IL-23R polymorphisms, HBV infection, and risk of hepatocellular carcinoma in a high-risk Chinese population
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The interleukin-23 receptor (IL-23R) plays an important role in the T-helper 17 cell-mediated inflammatory process and is also involved in tumor immune surveillance, which may be linked to carcinogenesis in hepatitis B virus (HBV)-related hepatocellular carcinoma (HCC). In this study, we hypothesized that potentially functional genetic variants of the IL-23R gene may modify HCC risk.
We genotyped two single-nucleotide polymorphisms (SNPs) of IL-23R, rs6682925 and rs1884444, in a case–control study of 837 HCC cases, 899 HBV surface antigen (HBsAg)-positive controls, and 743 HBsAg-negative controls. A reporter gene assay was performed to evaluate the functional relevance of the rs6682925 SNP located at the promoter region of the IL-23R gene.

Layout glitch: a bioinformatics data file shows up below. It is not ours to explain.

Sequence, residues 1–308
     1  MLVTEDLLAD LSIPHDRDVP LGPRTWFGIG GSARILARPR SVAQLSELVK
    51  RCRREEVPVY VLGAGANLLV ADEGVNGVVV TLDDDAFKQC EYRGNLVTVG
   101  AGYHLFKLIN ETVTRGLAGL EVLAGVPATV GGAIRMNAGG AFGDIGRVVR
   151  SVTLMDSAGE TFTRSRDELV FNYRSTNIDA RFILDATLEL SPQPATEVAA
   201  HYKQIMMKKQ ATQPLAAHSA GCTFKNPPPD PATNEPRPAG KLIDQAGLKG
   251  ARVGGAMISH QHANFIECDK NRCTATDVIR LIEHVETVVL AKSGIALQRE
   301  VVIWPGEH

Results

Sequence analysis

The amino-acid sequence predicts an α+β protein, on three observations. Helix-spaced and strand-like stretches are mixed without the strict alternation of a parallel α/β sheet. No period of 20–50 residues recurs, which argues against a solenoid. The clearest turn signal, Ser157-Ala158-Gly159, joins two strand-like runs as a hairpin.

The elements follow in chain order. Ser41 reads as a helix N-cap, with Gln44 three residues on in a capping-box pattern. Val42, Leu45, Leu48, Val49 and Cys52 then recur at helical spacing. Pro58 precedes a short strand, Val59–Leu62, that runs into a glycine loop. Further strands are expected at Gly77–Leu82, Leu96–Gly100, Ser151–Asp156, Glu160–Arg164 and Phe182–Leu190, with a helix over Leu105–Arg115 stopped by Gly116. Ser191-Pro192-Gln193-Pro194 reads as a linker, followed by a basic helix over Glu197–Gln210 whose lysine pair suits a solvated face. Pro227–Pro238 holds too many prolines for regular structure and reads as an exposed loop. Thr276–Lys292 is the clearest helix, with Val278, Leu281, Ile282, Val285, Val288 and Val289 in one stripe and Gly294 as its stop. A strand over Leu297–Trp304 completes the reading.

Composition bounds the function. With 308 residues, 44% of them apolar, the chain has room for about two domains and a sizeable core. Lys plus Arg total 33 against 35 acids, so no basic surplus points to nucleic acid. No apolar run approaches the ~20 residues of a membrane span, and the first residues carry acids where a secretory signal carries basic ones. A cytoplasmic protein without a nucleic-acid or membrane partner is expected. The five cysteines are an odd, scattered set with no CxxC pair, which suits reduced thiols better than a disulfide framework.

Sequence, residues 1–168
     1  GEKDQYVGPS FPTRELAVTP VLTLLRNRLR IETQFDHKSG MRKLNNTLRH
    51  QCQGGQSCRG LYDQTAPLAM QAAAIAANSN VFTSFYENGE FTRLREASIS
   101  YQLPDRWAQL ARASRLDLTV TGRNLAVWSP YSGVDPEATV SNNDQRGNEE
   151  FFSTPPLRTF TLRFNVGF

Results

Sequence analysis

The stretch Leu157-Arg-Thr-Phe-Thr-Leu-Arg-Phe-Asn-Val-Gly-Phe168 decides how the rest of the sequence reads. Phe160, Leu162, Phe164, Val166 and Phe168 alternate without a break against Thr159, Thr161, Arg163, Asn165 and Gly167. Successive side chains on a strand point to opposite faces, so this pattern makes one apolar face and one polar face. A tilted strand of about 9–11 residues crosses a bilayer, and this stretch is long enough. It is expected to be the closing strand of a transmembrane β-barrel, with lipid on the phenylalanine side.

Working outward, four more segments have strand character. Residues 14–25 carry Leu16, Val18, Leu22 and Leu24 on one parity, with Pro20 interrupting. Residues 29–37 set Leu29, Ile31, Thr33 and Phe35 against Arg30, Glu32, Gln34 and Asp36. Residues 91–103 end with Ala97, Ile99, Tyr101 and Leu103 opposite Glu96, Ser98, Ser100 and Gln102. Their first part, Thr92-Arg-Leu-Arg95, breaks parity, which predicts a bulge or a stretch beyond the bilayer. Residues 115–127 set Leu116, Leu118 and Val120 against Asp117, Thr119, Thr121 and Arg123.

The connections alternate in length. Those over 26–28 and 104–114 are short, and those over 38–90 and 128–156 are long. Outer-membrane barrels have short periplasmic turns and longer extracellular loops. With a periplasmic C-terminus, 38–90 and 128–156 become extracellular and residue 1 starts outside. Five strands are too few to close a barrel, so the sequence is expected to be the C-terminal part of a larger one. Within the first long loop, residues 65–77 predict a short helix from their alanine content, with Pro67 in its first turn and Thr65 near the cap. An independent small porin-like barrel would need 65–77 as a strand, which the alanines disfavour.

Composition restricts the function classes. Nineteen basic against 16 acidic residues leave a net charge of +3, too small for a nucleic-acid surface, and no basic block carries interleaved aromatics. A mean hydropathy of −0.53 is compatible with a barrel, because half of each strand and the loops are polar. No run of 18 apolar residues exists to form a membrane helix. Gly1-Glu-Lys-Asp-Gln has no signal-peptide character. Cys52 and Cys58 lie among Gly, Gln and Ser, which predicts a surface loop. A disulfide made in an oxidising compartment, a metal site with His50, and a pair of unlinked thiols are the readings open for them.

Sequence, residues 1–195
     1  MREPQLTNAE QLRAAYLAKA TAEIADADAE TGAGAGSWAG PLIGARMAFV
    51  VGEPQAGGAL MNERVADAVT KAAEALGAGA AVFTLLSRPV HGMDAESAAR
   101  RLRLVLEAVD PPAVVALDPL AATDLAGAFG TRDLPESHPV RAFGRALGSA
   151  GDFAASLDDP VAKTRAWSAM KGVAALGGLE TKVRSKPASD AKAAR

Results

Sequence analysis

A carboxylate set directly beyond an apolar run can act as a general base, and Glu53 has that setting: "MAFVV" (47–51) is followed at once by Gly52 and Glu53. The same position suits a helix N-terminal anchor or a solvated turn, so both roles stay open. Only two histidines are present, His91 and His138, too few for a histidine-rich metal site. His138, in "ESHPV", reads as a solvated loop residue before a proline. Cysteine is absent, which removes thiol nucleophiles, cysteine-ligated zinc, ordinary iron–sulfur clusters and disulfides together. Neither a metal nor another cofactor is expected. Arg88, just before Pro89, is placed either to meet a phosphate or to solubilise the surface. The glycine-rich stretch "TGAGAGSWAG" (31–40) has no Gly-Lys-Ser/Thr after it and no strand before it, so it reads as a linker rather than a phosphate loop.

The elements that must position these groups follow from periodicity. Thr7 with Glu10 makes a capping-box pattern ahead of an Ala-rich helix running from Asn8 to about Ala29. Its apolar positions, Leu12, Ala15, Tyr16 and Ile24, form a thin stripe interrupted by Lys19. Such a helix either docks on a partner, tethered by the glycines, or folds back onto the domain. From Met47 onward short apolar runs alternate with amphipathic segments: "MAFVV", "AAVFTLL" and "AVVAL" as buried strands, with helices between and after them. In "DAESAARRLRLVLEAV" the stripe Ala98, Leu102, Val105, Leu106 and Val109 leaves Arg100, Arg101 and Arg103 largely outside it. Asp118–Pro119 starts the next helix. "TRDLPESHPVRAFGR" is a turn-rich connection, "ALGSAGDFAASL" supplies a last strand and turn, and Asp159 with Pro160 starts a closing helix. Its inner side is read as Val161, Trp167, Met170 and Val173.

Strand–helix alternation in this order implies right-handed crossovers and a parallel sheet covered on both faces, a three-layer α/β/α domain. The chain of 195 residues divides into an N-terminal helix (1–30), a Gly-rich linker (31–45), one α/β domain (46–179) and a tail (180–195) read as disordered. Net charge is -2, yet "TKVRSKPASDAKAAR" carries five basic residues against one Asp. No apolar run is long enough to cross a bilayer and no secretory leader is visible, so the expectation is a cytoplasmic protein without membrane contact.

We found that the two SNPs were associated with the risk of HCC when compared with both the HBsAg-positive and -negative controls. When compared with all controls, IL-23R rs6682925 and rs1884444 both increased the HCC risk in a recessive genetic model [rs6682925 CC vs. TT/TC: odds ratio (OR) 1.35, 95 % confidence interval (CI) 1.07–1.70; rs1884444 GG vs. TT/TG: OR 1.36, 95 % CI 1.05–1.77]. Furthermore, the variant C allele of rs6682925 in the promoter region of IL-23R was associated with increased reporter gene activity.
These findings indicate that genetic variants in IL-23R may contribute to HCC development.
KeywordsInterleukin-23 receptor Polymorphism Hepatocellular carcinoma HBV Reporter gene
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